Prolonged Use of Virtual Reality Can Cause Gorilla Arm Syndrome

shoulder injury
Source: Photo by Ryutaro Tsukata from Pexels

Most seasoned office workers and PC gamers are familiar with how taxing can prolonged sitting while hunched over a computer be on the body.

A quick online search is enough to reveal a huge number of research studies, blog posts, and discussions about computer-related repetitive stress injuries (RSIs), from the turtle neck syndrome to the so-called trigger finger.

Because virtual reality is yet to go mainstream, we still have a lot to discover about its effects on the human body. For example, we know that over three times as many women frequently experience motion sickness in VR than men (22.6% vs. 7.2%), but what about potential issues associated with prolonged use?

Jay Kim, an associate professor at Oregon State University’s Occupational and Biomechanics Research Laboratory, has warned virtual reality users about an injury dubbed gorilla arm, which can be developed by repeatedly sticking your arms forward far away from your body. “That creates shoulder strain that’s called gorilla arm syndrome,” says Kim.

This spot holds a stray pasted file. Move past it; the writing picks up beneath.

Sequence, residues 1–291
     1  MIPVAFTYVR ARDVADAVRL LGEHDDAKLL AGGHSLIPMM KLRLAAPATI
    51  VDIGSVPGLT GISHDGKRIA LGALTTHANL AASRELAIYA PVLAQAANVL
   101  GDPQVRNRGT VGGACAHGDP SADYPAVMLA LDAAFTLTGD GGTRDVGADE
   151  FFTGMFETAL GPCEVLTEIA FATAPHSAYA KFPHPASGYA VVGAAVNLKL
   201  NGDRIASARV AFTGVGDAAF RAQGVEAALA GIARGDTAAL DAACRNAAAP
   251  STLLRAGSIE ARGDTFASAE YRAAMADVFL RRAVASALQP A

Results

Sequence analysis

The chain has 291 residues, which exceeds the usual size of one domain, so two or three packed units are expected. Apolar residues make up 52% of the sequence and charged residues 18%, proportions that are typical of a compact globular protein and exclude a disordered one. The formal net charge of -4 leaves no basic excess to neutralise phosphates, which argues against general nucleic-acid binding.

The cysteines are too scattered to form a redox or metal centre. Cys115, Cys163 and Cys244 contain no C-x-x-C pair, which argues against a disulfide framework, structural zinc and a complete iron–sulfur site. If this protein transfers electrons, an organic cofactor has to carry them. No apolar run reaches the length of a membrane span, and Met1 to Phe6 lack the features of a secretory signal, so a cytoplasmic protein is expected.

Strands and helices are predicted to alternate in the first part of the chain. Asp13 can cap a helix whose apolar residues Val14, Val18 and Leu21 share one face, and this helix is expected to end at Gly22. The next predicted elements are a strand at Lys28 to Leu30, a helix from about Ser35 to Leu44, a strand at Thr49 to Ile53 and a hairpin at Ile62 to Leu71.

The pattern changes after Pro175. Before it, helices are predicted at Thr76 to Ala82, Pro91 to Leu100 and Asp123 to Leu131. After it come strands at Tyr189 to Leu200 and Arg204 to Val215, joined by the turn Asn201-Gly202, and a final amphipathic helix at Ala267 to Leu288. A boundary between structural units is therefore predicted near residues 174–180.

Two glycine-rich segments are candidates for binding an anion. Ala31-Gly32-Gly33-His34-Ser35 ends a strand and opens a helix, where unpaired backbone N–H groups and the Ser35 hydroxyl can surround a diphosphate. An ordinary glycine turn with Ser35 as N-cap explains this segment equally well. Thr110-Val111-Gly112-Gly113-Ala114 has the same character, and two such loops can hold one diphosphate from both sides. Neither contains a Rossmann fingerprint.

The same repetitive stress injury has been previously observed among people who use mid-level screens or touchscreens for long periods of their time, such as retail workers.

Because VR users typically also hold controllers in their hands (a single Quest 2 controller weighs around 150 grams), it’s possible that gorilla arm syndrome will become an increasingly common problem as the average amount of time spent in VR goes up.

Of course, the manufacturers of VR headsets and accessories won’t let their customers suffer without doing anything about it. Over time, we can expect to see lighter, more ergonomic designs and brand-new technologies, such as brain-machine interfaces, that may one day completely eliminate health-related issues associated with the prolonged use of virtual reality.

VR Source